Step 2: Buy or borrow one of these books, preferably the one on the right.  Note: I'm not trying to insult your intelligence at all!  The Dummies books are my favorites when learning new things.  Also, visit Ukulele Hunt, the web site written by the Dummies book author.  It has many songs and tutorials categorized by difficulty.

Step 3: Join Ukulele Underground. I heart, heart, heart them. A very nice youngster named Aldrine Guerrero has created some phenomenal beginner ukulele lessons. In addition, you’ll find a forum full of wonderful people who don't mind letting me you whine about my your uke playing, about B-flat problems, etc. They UNDERSTAND rather than ridicule. Incredible.

Step 4: Buy either “Daily Ukulele” or “Daily Ukulele Leap Year Edition” by Jim Beloff. Or buy both books like I did. It’s one thing to do drills and scales. It’s another to actually learn the ukulele by playing songs. These books have some incredibly good, easy, fun old songs that are perfect for camp fire, etc. 

Step 5: Search YouTube for its wealth of fun tutorials, so many more videos than I can possibly list here.  You'll also find a wealth of inspiring, riveting amateur uke performers.

Step 6:  Do one thing I haven't done yet, join a song circle.  They look like fun!.

.....And then, once you have some experience with your uke, but are feeling starved for a little bass sound (which a uke typically DOESN'T have) THEN buy a guitar.  You'll have a head start on the guitar because you played the uke first.

....oh, and be prepared for instrument acquisition syndrome to hit ;-).

Enjoy. Feel free to let me know how your uke playing is going.

Leaving you with a few of my favorites:

From "A Concert for George (Harrison)"

IZ.  You may not recognize him, but you'll recognize this song immediately.  This is a lovely video, shows a whole legion of people spreading his ashes after his death.  RIP, IZ, your voice will live on with us forever.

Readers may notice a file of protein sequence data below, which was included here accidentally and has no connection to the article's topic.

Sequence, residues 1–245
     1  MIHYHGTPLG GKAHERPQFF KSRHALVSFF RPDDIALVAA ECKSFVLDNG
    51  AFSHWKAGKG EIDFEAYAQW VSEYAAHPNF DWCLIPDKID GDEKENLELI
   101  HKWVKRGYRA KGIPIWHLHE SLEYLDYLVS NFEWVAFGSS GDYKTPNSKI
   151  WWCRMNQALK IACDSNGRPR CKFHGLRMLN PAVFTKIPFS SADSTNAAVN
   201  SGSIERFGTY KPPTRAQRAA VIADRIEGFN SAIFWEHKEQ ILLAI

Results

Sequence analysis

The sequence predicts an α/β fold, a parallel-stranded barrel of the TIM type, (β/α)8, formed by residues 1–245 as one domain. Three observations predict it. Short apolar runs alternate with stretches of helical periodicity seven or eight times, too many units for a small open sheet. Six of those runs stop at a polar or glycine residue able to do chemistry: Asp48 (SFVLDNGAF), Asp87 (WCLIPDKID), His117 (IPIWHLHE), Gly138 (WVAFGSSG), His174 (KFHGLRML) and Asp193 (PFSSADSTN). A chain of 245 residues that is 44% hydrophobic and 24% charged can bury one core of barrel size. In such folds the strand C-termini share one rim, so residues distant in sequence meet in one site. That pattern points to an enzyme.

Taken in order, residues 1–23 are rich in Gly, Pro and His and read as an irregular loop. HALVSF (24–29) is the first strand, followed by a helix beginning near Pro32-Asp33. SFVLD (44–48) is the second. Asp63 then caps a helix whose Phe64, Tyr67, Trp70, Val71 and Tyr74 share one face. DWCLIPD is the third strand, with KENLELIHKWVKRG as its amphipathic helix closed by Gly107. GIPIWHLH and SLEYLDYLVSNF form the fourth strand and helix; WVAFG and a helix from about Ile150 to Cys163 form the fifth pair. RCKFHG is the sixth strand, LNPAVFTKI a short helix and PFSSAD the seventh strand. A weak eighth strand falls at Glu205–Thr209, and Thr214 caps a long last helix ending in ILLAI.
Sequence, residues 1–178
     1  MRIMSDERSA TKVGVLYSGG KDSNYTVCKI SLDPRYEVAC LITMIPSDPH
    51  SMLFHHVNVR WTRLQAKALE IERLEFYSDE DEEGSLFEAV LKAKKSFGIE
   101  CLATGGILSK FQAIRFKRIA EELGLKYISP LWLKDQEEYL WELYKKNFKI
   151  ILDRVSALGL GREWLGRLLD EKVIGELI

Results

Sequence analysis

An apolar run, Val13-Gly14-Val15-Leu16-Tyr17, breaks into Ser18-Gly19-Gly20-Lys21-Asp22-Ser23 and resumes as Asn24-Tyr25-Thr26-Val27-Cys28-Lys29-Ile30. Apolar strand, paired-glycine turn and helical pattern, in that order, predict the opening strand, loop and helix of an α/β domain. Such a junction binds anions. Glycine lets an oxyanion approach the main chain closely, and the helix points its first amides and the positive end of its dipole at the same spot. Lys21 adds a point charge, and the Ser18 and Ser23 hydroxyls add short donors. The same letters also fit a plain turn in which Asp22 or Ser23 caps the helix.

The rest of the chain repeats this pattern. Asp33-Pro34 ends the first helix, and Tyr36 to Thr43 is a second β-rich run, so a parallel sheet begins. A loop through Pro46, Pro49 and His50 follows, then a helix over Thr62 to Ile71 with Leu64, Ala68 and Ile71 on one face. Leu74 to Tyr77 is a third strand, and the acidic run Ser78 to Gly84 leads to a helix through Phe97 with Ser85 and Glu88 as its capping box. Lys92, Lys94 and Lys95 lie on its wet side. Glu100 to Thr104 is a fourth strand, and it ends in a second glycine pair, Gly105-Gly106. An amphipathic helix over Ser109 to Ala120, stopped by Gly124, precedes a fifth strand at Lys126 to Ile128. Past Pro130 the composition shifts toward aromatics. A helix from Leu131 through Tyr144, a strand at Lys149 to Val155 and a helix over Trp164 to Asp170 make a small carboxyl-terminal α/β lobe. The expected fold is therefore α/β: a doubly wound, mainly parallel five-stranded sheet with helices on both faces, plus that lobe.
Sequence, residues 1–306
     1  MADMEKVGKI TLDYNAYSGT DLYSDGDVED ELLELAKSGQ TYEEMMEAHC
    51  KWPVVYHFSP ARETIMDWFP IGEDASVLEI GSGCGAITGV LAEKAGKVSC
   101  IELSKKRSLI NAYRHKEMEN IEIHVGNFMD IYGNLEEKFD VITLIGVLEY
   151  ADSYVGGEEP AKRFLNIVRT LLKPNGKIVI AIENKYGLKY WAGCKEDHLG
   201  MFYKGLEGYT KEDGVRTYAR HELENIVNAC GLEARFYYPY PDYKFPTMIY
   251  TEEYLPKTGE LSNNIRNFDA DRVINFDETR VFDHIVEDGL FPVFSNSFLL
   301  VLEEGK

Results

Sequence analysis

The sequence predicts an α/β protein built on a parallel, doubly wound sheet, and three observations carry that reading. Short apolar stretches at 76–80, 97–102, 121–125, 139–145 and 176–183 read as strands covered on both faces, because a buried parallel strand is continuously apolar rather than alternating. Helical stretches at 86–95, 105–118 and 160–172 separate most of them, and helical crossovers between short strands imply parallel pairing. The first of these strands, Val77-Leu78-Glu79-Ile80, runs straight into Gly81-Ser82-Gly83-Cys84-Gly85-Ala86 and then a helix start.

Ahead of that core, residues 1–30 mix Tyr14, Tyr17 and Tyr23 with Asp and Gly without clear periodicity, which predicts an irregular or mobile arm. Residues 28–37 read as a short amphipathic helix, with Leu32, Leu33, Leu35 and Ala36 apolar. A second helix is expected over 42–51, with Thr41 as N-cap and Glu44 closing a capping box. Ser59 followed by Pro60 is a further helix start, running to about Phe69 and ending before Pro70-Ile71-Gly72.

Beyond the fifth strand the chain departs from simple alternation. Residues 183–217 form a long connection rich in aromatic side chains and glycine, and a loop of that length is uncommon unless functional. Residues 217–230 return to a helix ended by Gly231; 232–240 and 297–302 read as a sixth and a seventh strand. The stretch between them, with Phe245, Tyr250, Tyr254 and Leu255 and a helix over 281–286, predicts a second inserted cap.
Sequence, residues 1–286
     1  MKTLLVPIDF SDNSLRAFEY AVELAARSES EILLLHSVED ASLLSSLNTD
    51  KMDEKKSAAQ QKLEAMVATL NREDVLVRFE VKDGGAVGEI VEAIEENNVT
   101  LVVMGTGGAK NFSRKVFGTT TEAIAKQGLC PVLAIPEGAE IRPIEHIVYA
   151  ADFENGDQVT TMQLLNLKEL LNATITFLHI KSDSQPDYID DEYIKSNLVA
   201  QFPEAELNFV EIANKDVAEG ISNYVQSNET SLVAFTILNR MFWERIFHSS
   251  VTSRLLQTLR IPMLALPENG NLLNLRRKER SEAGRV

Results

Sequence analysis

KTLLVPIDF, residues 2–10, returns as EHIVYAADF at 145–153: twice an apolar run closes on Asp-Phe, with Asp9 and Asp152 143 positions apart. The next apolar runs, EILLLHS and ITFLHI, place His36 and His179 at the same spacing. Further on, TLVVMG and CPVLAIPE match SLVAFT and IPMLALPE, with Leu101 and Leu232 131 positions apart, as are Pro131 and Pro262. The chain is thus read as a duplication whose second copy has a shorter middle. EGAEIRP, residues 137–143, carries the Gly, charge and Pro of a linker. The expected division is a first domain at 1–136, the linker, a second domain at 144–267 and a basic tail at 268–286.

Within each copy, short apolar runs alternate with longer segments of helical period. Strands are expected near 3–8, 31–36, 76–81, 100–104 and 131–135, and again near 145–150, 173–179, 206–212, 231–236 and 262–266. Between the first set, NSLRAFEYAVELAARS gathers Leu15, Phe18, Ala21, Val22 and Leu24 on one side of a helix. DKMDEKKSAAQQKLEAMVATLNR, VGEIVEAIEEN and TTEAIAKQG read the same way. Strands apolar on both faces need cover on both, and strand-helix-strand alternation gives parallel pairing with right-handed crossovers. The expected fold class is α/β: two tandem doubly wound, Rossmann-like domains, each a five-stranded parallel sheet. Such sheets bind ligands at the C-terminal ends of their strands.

And my fave.  The Ukulele Orchestra of Great Britain. A lot of people playing Dolphin Ukes (the candy colored ones.)  They call this the 1018 part Ode to Joy ;-).

Mahalo for reading.


  1. That was wonderful. Thanks for posting it.

  2. Oh thank you! You've made my day!

  3. This is excellent. As a frustrated guitarist who has turned to the uke, you have really captured this instrument. It should be the instrument that all young children start with. It is relatively easy, fun, portable, cheap, and produces sounds that just make people smile. Thank you for this.

  4. Learning to play the guitar might truly be difficult for other people, especially those with shorter fingers. The idea of playing the ukulele before delving on the guitar sounds like a great idea. Ukuleles are smaller; hence, easier to hold and play. It has fewer strings that made playing chords easier. As you said, playing the ukulele uplifts the spirit. Think of how many spirits you have uplifted today after sharing the easier path to learn how to play the guitar. :) Thank you for sharing this idea!
    Patti @ Avila Music School

    1. Thank you for writing! I'm glad you liked my idea. Ukuleles definitely create a low barrier to entry into music. And if we never get past playing the uke, we've already accomplished music on an instrument that is rich, deep and wonderful in its own right.